A Weekend in Inland Malaga – Where to Stay and A Local Guide for What to See

This weekend I’ve been amazed yet again at the history, culture and beauty of Andalucia. Since moving to Jaen province in the north of Andalucia in 1996 I love nothing more than exploring the region, and the rest of Spain, it is always diverse and fascinating.

Pizarra, Valle de Azahar

Pizarra, Valle de Azahar

My destination was a lovely ancient Cortijo or farmstead, once known as the Casablanca, now it’s called Cortijo del Arte . Arte or art as each bedroom is named after a different Spanish artist. The new owners are going to be changing the name of the rooms. They will be holding art exhibitions (in the onsite municipal museum), then room will be named after the exhibiting artist and host one of their paintings too.

Cortijo del Arte

Cortijo del Arte

On Saturday we spent the day with a local guide, Carolina, on part of her Ruta Sensorial de Valle de Azahar – Sensory Route of Orange Blossom Valley, with other additions, I left the planning completely up to her. It was all fun. This valley, also known as the Valle del Guadalhorce, is covered with citrus plantations. Orange, lemon, kumquat, graperuit, if it’s citrus it grows here, this is a fairly mild climate with not too cold winters (like I get further north) nor too hot (like I get too!)

Citrus Grove, Valle de Azahar, Malaga, Spain

Citrus Grove, Valle de Azahar, Malaga

Carolina at Arkeolife  can design and plan your bespoke visit, their passion is archaeology and preservation while integrating culture with small enterprises. We visited three local businesses. The first a citrus farm with more varieties of oranges and lemons than I knew existed. The owner, known as Juanito Orange, made it an amusing and incredibly informative visit, even my husband who is no gardener was enthralled.

Juanito Orange Finca, Pizarra

Juanito Orange Finca, Pizarra

Then it was to a very small winery with a wide range of wines. We sampled several of Lascas de Pedernal‘s wines before the creme de la creme a wine made from Pomegrantes and one made form strawberries. I wouldn’t have guessed what the pomegrante one  was, but the strawberry one was very obvious, a pure strawberry aroma, and so strong. The flavour was just as delicious. I could imagine pairing it with a delicately flavoured ice cream or even better pouring it over the top.

Bodegas Lascas de Pedernal, Winery, Malaga

Bodegas Lascas de Pedernal

We left a table of empty, used glasses and with a goody bag to bring home, a bottle, 50cl, of Lemon wine and a Pomegranate wine. Such a joy seeing tiny, family businesses producing innovative wines and pretty bottles too!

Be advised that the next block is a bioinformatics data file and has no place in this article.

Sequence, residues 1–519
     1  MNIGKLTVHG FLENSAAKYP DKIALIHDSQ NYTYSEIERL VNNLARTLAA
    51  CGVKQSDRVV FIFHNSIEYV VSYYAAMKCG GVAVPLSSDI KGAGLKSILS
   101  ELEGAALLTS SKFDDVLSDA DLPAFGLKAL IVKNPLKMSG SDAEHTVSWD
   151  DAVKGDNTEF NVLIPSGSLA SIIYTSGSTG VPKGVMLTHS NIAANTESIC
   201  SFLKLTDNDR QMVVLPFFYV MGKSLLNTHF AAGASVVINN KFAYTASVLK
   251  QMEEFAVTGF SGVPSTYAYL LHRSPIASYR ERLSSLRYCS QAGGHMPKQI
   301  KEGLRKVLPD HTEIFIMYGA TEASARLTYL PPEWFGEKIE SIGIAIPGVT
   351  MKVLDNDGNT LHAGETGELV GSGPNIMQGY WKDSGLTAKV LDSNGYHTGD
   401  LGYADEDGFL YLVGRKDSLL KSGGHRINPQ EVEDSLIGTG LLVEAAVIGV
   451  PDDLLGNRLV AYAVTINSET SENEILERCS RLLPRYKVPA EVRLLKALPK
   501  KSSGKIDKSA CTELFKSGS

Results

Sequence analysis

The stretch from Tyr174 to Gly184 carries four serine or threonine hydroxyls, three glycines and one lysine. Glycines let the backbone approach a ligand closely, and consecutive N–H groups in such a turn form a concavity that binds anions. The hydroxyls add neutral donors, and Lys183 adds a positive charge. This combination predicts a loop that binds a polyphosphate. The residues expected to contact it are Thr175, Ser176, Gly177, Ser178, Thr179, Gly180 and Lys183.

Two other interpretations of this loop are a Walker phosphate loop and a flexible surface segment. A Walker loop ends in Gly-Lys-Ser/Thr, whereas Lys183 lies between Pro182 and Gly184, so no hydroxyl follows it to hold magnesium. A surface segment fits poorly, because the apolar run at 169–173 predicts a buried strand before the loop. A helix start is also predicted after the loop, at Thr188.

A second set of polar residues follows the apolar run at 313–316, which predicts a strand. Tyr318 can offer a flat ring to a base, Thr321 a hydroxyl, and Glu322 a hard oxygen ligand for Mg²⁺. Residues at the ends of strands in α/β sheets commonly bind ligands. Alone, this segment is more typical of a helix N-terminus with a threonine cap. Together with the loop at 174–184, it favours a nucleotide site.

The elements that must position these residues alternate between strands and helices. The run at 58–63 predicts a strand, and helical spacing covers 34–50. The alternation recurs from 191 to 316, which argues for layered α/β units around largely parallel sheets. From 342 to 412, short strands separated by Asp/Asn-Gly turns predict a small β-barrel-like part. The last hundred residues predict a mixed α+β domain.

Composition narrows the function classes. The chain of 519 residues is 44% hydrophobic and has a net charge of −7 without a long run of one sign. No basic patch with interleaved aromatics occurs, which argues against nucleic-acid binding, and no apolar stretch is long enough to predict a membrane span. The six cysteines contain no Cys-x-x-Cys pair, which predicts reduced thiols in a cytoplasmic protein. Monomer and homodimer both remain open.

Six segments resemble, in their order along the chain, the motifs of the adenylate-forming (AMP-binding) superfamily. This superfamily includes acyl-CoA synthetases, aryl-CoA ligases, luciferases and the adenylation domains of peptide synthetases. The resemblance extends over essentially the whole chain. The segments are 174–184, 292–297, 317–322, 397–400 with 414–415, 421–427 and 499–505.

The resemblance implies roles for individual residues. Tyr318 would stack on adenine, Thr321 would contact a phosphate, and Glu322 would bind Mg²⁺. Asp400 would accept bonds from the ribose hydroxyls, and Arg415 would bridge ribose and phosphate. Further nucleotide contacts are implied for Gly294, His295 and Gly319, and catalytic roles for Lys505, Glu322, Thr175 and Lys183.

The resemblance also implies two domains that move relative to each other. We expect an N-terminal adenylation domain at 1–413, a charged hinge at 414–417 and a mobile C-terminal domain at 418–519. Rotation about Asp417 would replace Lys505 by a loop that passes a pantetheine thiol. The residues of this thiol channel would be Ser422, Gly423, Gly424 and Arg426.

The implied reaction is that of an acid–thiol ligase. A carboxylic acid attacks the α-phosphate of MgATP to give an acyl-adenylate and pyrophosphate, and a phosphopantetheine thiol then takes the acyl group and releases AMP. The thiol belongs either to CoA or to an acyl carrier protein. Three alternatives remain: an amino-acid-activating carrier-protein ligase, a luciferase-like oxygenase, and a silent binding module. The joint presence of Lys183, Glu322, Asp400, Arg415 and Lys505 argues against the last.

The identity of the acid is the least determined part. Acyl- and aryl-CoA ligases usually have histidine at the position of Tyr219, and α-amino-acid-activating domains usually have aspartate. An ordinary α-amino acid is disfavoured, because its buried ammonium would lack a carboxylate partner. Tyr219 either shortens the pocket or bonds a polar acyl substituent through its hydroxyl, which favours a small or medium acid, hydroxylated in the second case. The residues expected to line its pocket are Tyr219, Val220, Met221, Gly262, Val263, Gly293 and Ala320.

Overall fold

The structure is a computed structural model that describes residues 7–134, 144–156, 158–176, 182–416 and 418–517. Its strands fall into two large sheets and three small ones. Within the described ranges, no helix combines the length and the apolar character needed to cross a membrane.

Bodegas Lascas de Pedernal, winery Malaga

Bodegas Lascas de Pedernal

After several glasses and a long time since breakfast we had a brief, yet again fascinating stop at Aceites Esenciales de Eva. Eva greeted us, guess where? Yep, on her citrus farm. Which is where and how her story began. A necessity to make the most of her father’s struggling citrus  farm has seen her build her own success story producing and selling essential oils, shampoo, deodorant, body creams, sunscreens and if she doesn’t already produce what you want she will work with you to produce it. If you can’t visit her farm and buy them first hand she now has a shop – Aceites Esenciales de Eva.

Essential Oils Producer, Spain, Aceites Esenciales de Eva

Essential Oils, Aceites Esenciales de Eva

After a fairly speedy lunch Alora was our destination. As quite often happens here in Spain – the castle was closed on Saturday afternoon. But the viewpoint looking down the valley held us spellbound and Carolina furnished us with plenty of anecdotes and historical facts and to be honest we really didn’t have time, we’ve saved that for next time.

Carolina, Arkeolife Mirador de Cervantes in Alora

Carolina at Work at Mirador de Cervantes in Alora

We then headed to see an ancient washroom that Carolina had heard of but not yet visited. We were the first. Such history and culture rolled up in the outdoor natural spring fed washing troughs. The place to meet, gossip, sing and commiserate, all women together while doing the chores – sounds like more fun than loading the washing machine. Some still use it today, hence the buckets!

Ancient Washing Place

Ancient Washing Place

Our very last stop was another balcony with a view to rival Ronda’s, the Santuario de Nuestra Señora de Flores

Santuario de Nuestra Señora de Flores, Alora

Santuario de Nuestra Señora de Flores, Alora

A busy, fun and informative visit. I have no hesitation recommending Carolina and look forward to doing more of her routes.

Trip Planner in Andalucia

Andalucia is a diverse and vibrant region. From the concrete jungle of the Costa del Sol to the wilderness of its natural parks. Culture, history, tradition along with over 300 days of sunshine a year make it – that awful cliche – something for everyone. That’s why a trip planner is needed. Someone on the ground who lives in the region and has done so for over two decades, exploring, writing about it and never failing to be stunned by its beauty and richness.

So many people fly into Malaga airport and stay near it on the coastal strip. That isn’t Spain. That’s the commercial touristy part that I rarely go to. Malaga old city is an exception. A delightful historical part near the port making it, along with Barcelona, a grand city right on the beach.

Head away from the airport, even along the coast (if you  must) and the over commercialism lessens a little but head inland to the wide open spaces, mountain ranges, beautiful cities and small white villages where customs and traditions live on – that is Spain.

If you’re not sure what Andalucia consists of read my blog post Where is and What is Andalucia (and Which Boutique Hotel to Choose? which talks about the provinces which make up the region of Andalucia. Each one as different and worthy of exploring as the other.

Whether art museums are your passion, or tasting tapas, mountain biking, cycling part ot the Vuelta de España route. Flamenco, history, Roman architecture, Moorish castles, wild orchids, small villages, olive oil mills, walking GR routes or Caminos, skiing, whatever activity you enjoy or interest you have you’ll find plenty of it here in Andalucia.